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[ Pre-School Non-Parental Childcare Is Not Harmful For Most Children ]

Pre-School Non-Parental Childcare Is Not Harmful For Most Children

What type of childcare arrangements do parents choose before their children are 18 months old? Does the choice of childcare affect children's language skills and mental health at the age of five? These are some of the questions that are explored in a new report prepared by the Norwegian Institute of Public Health as part of a collaborative project with the Ministry of Education and Research. The report indicates that there is no evidence that early centre-based childcare is harmful for most children. Most pre-school children in Norway attend different types of childcare arrangements on a daily or weekly basis, and by far the majority are in centre-based childcare (kindergarten). In contrast to most other countries, children with physical and/or mental disabilities are not separated from the other children, but attend regular groups or classes in public kindergartens and schools.

Study Shows The Cost Effectiveness Of Prevention Of Bedsores In Long-Term Care Homes

For all long-term care residents, pressure reduction foam mattresses were cost-effective 82% of the time compared to standard mattresses, with average savings of $115 per resident, the researchers showed. Foam cleansers for incontinence care would be cost-effective 94% of the time compared to soap and water, saving an average of $179 per resident. The clinical benefits of foam cleansers for bedsores, or " pressure ulcers, " however, require confirmation through more research, the team noted. "These results provide specific evidence to support practice guidelines, which recommend reducing risk factors and improving skin health to prevent pressure ulcers, " said Ba' Pham, lead author on the study and a senior research associate with the Toronto Health Economics and Technology Assessment (THETA) Collaborative.

Emotional And Financial Strain Suffered By Caregivers

Family members or friends caring for aging or disabled individuals in California are under both financial and emotional strain and are likely to face even greater burdens, given recent cuts in state support for programs and services that support in-home care, write the authors of a new policy brief by the UCLA Center for Health Policy Research. The study looked at California's estimated 6 million-plus informal caregivers of all ages and found higher levels of serious psychological distress and negative health behaviors, such as smoking, compared with the general population. Of particular concern are an estimated 2.6 million caregivers between the ages of 45 and 64 who may be setting themselves up for an unhealthy future due to higher rates of poor health behaviors, compared with both non-caregivers in the same age range and older caregivers.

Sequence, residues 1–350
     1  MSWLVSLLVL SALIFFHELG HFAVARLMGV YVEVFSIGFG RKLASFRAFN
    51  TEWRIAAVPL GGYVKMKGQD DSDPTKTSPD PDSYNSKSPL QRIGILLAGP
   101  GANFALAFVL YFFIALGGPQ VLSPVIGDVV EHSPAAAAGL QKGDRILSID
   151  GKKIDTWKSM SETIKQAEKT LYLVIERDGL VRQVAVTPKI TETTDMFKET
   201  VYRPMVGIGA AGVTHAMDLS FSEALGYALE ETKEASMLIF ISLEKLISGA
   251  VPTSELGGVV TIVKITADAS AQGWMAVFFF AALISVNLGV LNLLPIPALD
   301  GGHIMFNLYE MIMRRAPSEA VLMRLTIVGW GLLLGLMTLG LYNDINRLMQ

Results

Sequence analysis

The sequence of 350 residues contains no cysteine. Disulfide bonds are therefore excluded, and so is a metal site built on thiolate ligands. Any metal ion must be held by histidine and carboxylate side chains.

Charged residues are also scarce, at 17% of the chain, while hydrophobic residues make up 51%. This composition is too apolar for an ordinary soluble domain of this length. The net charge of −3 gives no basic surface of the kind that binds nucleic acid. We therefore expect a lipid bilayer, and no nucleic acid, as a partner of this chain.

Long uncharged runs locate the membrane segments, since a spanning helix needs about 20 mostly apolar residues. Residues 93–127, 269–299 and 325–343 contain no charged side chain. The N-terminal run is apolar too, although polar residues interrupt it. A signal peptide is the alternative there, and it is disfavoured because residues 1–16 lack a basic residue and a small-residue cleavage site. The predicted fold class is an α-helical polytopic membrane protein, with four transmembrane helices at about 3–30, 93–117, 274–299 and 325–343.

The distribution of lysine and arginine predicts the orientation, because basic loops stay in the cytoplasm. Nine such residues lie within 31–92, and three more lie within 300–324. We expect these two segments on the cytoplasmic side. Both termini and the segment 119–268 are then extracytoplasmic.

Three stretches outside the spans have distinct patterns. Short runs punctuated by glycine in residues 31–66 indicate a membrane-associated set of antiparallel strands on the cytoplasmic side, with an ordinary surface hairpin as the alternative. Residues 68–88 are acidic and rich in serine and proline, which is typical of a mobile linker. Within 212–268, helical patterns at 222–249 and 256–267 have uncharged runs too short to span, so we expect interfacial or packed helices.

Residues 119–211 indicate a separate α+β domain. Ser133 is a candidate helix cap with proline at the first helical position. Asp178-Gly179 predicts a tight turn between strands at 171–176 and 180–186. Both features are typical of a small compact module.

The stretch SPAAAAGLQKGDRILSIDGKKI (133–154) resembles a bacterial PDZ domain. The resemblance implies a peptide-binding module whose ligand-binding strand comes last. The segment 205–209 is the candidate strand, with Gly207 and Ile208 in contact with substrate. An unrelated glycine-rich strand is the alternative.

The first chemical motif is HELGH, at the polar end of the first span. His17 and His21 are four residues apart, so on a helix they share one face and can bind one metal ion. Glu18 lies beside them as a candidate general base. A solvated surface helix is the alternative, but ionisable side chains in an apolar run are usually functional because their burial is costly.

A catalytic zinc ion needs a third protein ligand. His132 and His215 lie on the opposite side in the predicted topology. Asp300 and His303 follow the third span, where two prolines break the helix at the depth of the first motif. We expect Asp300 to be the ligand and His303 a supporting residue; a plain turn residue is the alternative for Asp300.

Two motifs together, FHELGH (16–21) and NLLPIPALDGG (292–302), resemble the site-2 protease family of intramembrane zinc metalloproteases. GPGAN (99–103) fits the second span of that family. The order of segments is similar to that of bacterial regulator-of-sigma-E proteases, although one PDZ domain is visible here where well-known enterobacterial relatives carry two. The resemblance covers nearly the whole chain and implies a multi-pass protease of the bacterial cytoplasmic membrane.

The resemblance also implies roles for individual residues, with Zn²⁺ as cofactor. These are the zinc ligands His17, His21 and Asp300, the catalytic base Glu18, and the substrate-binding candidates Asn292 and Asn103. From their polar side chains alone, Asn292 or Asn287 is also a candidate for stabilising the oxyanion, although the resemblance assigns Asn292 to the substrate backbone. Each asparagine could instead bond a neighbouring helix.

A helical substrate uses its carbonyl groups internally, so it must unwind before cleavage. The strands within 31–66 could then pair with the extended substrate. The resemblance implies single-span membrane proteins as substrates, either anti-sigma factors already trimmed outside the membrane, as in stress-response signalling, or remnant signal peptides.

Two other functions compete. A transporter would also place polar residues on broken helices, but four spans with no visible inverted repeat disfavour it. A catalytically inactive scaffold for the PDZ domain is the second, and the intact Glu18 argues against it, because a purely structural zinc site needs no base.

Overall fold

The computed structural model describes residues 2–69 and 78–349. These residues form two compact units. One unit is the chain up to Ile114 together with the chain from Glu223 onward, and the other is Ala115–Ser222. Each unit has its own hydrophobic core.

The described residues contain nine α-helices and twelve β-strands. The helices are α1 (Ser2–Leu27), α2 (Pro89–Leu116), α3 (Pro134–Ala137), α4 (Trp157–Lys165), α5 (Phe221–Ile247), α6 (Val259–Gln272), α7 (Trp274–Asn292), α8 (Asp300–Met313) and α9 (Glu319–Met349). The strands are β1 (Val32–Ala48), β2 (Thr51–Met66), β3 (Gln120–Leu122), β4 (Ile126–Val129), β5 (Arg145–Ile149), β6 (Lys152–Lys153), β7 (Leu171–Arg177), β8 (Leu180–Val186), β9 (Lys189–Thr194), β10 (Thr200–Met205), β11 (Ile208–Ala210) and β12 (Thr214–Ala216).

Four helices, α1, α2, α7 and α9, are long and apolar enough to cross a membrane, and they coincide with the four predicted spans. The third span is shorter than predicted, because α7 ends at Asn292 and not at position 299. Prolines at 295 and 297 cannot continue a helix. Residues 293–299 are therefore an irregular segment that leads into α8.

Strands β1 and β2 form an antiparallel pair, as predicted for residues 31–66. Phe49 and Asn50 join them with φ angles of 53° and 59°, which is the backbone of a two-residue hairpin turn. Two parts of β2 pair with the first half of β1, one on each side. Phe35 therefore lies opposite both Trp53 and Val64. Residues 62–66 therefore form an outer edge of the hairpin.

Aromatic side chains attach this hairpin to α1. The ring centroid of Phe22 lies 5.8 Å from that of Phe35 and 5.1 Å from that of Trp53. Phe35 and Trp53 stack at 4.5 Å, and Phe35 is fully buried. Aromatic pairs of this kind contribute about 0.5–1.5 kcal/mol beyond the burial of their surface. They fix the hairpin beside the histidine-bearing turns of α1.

Study Finds Flu Vaccines For Nursing Home Workers Effective In Reducing Outbreaks

Higher flu vaccination rates for health care personnel can dramatically reduce the threat of flu outbreak among nursing home residents, according to a study published in the October issue of Infection Control and Hospital Epidemiology, the journal of the Society for Healthcare Epidemiology of America. The study, which focused on nursing homes in New Mexico, found that when a facility had between 51 and 75 percent of its health care personnel with direct patient care vaccinated, the chances of a flu outbreak in that facility went down by 87 percent. "The Centers for Disease Control and Prevention have long recommended that health care personnel in nursing homes get vaccinated against the flu, but we didn't know just how much help these recommendations might be in reducing flu outbreaks among residents, " said Aaron Wendelboe of the University of Oklahoma, the lead author of the study.

New Video Gaming Technology Helps To Detect Illness, Prevent Falls In Older Adults

Many older adults lose their independence as their health declines and they are compelled to move into assisted care facilities. Researchers at the University of Missouri and TigerPlace, an independent living community, have been using motion-sensing technology to monitor changes in residents' health for several years. Now, researchers have found that two devices commonly used for video gaming and security systems are effective in detecting the early onset of illness and fall risk in seniors. Marjorie Skubic, professor of electrical and computer engineering in the MU College of Engineering, is working with doctoral student, Erik Stone, to use the Microsoft Kinect, a new motion-sensing camera generally used as a video gaming device, to monitor behavior and routine changes in patients at TigerPlace.

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